I will not be watching or listening to the Senate testimony today. I'm fairly sure I know what the Supreme Court nominee and his accuser will say. I don't get to vote, so I don't feel the need to watch this coverage.
But I also confess that I am weary. I am tired of these constant reminders of how brutal we can be too each other. I do know that I enjoy a certain amount of privilege in that I can choose to look away. I don't want to look away for too long. But I also need to exercise some self care.
Recently I told a friend that no other administration had made me feel so unsafe. But then I reflected. Under the second Bush administration, I felt unsafe, but it was something different. I felt a distinct threat from my government, as an activist, even as I admitted that if the national government was coming after such a small-time activist as me, then times would be pretty grim.
The current administration makes me feel unsafe in a completely different way. Every day's news coverage reminds me of how unsafe the larger world is for many of us, and reminds me of how hard it is to find justice when the rich and the privileged are involved.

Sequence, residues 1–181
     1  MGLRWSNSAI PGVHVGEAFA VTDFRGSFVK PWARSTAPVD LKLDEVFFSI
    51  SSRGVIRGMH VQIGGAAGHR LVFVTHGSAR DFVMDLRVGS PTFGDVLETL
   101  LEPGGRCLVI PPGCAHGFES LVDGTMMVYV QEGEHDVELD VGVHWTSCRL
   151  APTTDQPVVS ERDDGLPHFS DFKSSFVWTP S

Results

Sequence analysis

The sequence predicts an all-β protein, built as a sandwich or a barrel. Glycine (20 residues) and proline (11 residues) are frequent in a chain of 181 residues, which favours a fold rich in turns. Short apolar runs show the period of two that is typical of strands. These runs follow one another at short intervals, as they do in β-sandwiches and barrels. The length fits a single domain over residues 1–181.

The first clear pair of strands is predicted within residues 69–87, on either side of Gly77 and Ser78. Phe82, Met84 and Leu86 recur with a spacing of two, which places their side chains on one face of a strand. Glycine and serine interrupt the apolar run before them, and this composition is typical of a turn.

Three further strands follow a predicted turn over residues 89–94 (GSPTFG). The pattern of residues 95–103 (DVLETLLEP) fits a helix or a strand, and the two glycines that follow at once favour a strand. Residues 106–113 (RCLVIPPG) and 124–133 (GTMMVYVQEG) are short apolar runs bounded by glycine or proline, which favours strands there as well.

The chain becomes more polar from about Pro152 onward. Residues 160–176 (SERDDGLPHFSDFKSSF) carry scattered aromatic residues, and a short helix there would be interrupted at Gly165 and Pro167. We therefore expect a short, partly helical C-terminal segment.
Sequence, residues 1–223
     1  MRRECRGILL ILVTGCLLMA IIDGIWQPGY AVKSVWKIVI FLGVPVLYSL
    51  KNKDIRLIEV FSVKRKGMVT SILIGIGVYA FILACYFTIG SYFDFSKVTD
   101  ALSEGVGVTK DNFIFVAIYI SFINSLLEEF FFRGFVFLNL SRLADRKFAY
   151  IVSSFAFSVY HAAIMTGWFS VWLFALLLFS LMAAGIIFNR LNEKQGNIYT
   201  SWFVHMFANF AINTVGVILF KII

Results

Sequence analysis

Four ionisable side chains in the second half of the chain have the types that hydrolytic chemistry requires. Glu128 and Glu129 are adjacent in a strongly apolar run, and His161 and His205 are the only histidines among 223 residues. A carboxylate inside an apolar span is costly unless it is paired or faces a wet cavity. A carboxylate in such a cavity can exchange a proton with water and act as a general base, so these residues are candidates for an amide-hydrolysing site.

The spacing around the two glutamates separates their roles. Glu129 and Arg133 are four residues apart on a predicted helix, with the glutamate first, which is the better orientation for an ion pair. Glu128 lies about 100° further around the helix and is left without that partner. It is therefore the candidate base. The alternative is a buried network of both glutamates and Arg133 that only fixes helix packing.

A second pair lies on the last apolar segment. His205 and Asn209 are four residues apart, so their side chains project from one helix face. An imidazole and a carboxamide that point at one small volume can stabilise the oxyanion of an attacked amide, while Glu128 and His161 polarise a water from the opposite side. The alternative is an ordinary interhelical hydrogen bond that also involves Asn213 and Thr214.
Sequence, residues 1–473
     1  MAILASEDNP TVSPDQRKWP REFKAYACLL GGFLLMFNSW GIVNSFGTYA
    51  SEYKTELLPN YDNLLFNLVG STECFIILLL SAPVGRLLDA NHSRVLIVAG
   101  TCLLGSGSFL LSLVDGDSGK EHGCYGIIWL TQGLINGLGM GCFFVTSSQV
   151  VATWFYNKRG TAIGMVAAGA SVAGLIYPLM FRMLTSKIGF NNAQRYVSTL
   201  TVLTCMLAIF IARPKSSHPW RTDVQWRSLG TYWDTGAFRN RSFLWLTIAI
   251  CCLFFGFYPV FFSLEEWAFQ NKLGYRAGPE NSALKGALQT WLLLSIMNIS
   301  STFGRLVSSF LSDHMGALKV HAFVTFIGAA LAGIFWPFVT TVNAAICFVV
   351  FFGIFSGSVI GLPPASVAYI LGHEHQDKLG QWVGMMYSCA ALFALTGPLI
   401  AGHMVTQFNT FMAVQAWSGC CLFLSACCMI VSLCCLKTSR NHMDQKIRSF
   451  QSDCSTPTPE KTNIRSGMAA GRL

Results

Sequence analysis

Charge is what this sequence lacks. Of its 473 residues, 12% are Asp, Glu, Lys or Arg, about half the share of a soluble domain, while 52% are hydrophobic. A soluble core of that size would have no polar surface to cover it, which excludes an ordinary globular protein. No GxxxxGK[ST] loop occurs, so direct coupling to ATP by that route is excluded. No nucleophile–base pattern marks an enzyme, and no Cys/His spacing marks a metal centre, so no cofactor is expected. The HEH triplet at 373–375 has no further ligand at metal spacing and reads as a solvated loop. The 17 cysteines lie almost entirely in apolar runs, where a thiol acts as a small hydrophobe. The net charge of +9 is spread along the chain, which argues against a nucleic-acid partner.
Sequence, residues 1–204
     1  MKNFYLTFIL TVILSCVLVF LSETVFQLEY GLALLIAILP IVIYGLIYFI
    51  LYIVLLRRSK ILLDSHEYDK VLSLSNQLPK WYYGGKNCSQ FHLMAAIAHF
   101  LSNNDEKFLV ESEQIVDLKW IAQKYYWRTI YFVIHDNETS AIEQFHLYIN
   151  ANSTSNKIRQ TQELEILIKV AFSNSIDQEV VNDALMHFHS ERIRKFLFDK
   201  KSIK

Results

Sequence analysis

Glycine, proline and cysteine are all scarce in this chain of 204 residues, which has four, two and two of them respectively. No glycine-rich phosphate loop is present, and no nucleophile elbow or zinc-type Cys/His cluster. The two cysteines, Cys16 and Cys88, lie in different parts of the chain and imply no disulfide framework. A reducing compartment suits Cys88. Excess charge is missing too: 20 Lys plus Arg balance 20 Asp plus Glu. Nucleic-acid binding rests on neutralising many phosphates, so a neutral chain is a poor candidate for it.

It also makes me feel unsafe because something about this administration seems to make larger-than-usual swathes of the population feel like they've been given permission to act in unsavory ways. I know that many of us in the U.S. have always been subject to this cruelty. Again, I recognize my place of privilege, past and present.
I'm feeling a strange mix of anger and resignation. How can we not be any further along towards a vision of a just world than we are right now? How can we be decades after the Anita Hill hearings and still be no better at handling these kinds of allegations?
But let me also remember that these times are not those times. This year, 2018, is still a better time to be a woman than 1918 or 1818--or even 1991. A woman can bring a charge forward, and she has a better chance of being believed. We are better at knowing what boundaries should be, even if those boundaries are not always respected. There are laws that might protect us all--once those laws didn't exist, and the idea that they should would not have existed.
Still, we have not yet arrived at the future that I hoped for when Anita Hill testified, and I was a younger woman in grad school. Let me hold onto that idea of a time when people's bodies are respected, when boundaries are maintained, when people will not trespass even when we are unconscious, when the powerful do not prey on the weak. Let that time come soon.